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Girlfriend Reviews: Understanding Last of Us 2

Clear

Deer/Dur
Feb 2, 2009
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She doesn't know that Joel killed fireflies and her father because he wanted to save Ellie? GTFO

All that's known, and this is based on what happens in BOTH games, is that Joel demands Ellie be handed over and proceeds to kill everyone in his way regardless of whether they pose an immediate threat to him or not.

He executes Marlene in cold blood after this.

How are people supposed to know his true intentions when he never expresses them to anyone left alive at the end?

Prove me wrong.

Given that other doctors weren't hurt and only her father its easy to assume only he posed a threat to Joel.

Its a mild retcon but in the version of events shown in TLOU2, there are no other doctors in the room. Obviously its a bit of artistic license to foreground Jerry's death, but it seems reasonable to me given that in the first game the player had a choice of whether to execute them or not. Speaking for myself I killed them both because it felt like what Joel would do in order to cover his tracks.

Botttom line though, you are factually inaccurate.


Why the fuck Joel saving her didn't have any effect on her then? Why a person killing scars for sport and treating them like animals would change her ways all of a sudden and start killing her friends she spent several years with, because she was saved by these kids, but doesn't show any kind of hesitation with Joel, after he saved her?

And her redemption arc happens literally within 3 days, is it believable to you?

Its all part of the same process. It takes 5 years for Abby to get her vengeance, but it doesn't bring her closure, she still has nightmares about the hospital. That in itself a psychological significant event; you spend years building to a moment of anticlimax... what do you do next? Try something different.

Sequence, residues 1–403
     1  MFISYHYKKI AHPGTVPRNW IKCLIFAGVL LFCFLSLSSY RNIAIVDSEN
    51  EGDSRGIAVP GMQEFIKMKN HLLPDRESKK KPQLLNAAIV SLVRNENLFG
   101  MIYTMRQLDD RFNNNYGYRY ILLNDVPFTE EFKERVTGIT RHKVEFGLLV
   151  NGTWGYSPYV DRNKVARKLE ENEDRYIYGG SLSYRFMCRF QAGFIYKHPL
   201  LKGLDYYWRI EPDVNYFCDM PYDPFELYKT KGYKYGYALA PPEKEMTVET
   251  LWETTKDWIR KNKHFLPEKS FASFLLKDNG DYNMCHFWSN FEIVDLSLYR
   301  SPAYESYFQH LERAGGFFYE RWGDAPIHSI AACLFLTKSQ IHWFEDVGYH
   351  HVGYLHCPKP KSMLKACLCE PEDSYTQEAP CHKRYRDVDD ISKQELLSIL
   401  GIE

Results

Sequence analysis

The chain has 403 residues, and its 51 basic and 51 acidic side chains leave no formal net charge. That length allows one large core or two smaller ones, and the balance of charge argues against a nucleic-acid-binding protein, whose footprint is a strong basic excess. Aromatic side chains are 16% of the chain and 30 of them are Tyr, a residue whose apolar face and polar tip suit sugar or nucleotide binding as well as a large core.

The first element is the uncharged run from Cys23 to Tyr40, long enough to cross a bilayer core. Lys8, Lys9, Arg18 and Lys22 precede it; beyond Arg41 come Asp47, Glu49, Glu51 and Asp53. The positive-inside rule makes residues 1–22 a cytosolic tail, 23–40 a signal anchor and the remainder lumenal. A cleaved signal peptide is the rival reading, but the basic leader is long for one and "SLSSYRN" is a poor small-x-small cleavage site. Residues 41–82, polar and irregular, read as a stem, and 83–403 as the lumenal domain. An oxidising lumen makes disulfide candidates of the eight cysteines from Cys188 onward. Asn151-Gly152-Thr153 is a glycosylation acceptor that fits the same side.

Yeah, its believable to me. And relatable too because I was never that upset by Joel's death. Not to say I dislike the character, I thought he was great and Troy Baker's portrayal is top notch.

I'm just not that sentimental about him. His was a violent life destined to end in violence, and frankly his defining moment was always going to be him "saving" Ellie in the hospital. Trying to top that by allowing him to go out in a blaze of glory would be a lazy fan-fic that just cheapens his legend.
 
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Ellie is a little girl, she isn’t capable of making such a decision when she has barely experienced life.

She wants her life to mean something, but she doesn’t want to die, it’s just that she doesn’t know any other way to make her life mean something because again, she is just a little brat.

Joel saved the life of a little girl who was going to be murdered by this terrorist group on the incredibly vague pretext of founding a cure that somehow was going to be developed by a surgeon in some abandoned hospital.
wtf is this take?
As far as I’m aware, it’s never established until Part II that Ellie was willing to die (which I also thought was some retcon bullshit). The Fireflies and Marlene never even talk to her about it. They never give her a choice. I can’t remember myself, but I’m told there is a part in TLoU 1 where Ellie is talking about learning to swim after they’re done at the hospital, which indicates she didn’t think she was going to her grave either. Jerry Anderson doesn’t even have the conviction to say he’d sacrifice his own daughter.

The idea that humanity is doomed otherwise is also bullshit, as made apparent by Part II. Humanity is doing just fine, in fact they’re beating back the infection and thriving in some cases.
Is this even about Humanity? This is Ellie’s choice. “Im still waiting for my turn” is one of the last line’s she says in Part 1. To her the cure is her purpose. Again she never outright says she would die for a cure, she just implies. Why did Tess want Joel to delivery Ellie when she was already dying? Yes, naughty dog left a good amount ambiguity. Since we have zero scenes between Ellie’s drowning and her surgery. Marlene wasnt aware that Ellie would die from surgery until one scene before she told Joel. Maybe the Fireflies didnt give Ellie a choice. But neither did Joel once he lied to her. In the end alot of these plot holes reside in Part 1. Ellie and Abby are both Fireflies that care more about the cure than simply surviving. Joel is about keeping safe the people he loves. Ellie is willing to do anything for her goals. Rant over.
 

Johnny Silver

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Oct 24, 2018
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I wonder how many of us (besides myself, unfortunately) have been educated in critical theory?

That's just the thing. Those who have been "educated" in critical theory become unable to say anything else but crap, while those who fortunately aren't educated in it still retain their capacity to detect bullshit/crap and reject it.
 

Bryank75

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Jan 12, 2018
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Lets play, should be fun.